Friday, August 04, 2006

Me? Memed?

I don't usually indulge these, for history has proven my approach to be annoyingly novel, discursively digressive, and totally time-wasting. But Zippy's reading my book and if I don't respond he might not finish it.

I didn't even know that 'meme' was a word, let alone that it could be verbed, until I stumbled upon it in researching some topic or other. I've heard of 'enthymeme', a philosophical term referring to an unstated premise or conclusion in an argument, but can't yet see how it relates to the new one coined, apparently, by Richard Dawkins (of respectable evolutionary atheist fame) to account for the existence of thought patterns among conscious creatures (especially human), which are themselves subject to the selective pressures of nature's regime, and probably the cause of Zippy's listing Dawkins' The Selfish Gene at number 4, 'A Book That Made You Laugh'. My guess is that this is Dawkins' attempt to keep consciousness firmly attached to a physical origin, so that we might not wonder too strenuously about its survival beyond death. I should probably read the book to see how his meme philosophy - and, in fact, evolutionary theory itself - escapes the meme deathtrap. I mean if I had written the book, I certainly wouldn't have overlooked such an obvious difficulty.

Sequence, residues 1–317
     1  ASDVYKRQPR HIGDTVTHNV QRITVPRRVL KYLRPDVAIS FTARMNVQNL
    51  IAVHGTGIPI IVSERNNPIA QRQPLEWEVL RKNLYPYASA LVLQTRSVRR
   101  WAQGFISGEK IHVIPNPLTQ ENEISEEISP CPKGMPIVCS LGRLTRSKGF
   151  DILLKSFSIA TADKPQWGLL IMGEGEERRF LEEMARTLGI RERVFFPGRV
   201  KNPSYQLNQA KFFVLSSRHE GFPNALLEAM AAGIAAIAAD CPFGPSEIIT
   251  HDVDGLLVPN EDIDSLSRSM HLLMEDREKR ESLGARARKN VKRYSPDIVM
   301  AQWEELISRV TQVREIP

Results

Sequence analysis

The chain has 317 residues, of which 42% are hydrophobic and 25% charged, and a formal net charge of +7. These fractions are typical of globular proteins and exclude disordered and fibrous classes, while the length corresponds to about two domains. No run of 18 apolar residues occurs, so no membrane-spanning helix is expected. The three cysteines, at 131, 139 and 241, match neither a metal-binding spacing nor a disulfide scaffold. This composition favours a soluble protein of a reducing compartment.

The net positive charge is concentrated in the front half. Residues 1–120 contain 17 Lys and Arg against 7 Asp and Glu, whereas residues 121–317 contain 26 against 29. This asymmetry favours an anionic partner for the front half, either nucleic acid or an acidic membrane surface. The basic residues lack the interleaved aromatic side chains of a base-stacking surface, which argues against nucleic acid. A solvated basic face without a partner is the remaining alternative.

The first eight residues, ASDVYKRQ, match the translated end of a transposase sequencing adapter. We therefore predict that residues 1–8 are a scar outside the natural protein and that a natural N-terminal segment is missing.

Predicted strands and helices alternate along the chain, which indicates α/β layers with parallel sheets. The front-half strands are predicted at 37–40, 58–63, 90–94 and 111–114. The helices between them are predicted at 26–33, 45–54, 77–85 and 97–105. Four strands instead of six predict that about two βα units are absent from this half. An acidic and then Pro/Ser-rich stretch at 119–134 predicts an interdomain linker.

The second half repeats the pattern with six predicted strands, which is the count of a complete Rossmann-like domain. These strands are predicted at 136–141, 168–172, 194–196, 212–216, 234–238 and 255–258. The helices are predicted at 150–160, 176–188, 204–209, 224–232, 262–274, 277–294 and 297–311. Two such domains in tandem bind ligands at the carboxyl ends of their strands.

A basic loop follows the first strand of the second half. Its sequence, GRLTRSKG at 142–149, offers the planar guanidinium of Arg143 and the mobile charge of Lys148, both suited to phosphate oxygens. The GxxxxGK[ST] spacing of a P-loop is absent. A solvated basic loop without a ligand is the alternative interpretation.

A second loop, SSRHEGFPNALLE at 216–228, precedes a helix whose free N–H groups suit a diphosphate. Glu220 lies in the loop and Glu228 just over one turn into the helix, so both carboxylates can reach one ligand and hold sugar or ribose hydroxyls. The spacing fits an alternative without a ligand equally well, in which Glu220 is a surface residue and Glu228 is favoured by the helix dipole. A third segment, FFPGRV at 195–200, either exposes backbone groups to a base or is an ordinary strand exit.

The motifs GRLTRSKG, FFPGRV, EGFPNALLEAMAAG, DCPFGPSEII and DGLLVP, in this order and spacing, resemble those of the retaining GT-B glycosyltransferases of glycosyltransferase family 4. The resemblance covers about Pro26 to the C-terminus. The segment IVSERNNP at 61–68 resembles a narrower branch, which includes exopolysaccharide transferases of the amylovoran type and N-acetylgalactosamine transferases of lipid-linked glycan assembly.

Update: Actually, he doesn't. Scroll to bottom: "Is Science a Virus?"

So...you see how easily I get distracted? Down to business:

1. One book that changed your life: I'm sorry to get contentious right off, but why does it have to be one book? Are any of you the product of one influence of any kind of thing? Name one person who has changed your life. Jesus. I've never actually met him, but I have it on good authority...Actually, I'm wondering how many of us would believe if we hadn't met some really good people who give living witness to the fellow we've never met. This would include historical personages I've also never met, but some of whom wrote books: St. Augustine's The City of God, Newman's Apologia Pro Vita Sua, several things by Chesterton, several things by Flannery O'Connor, Father Hardon's The Catholic Catechism (I did meet that guy), and so on. I'm currently in the process of having my life changed one more time by reading Newman's Arians of the Fourth Century. I didn't answer the question as it was asked, did I? Tough.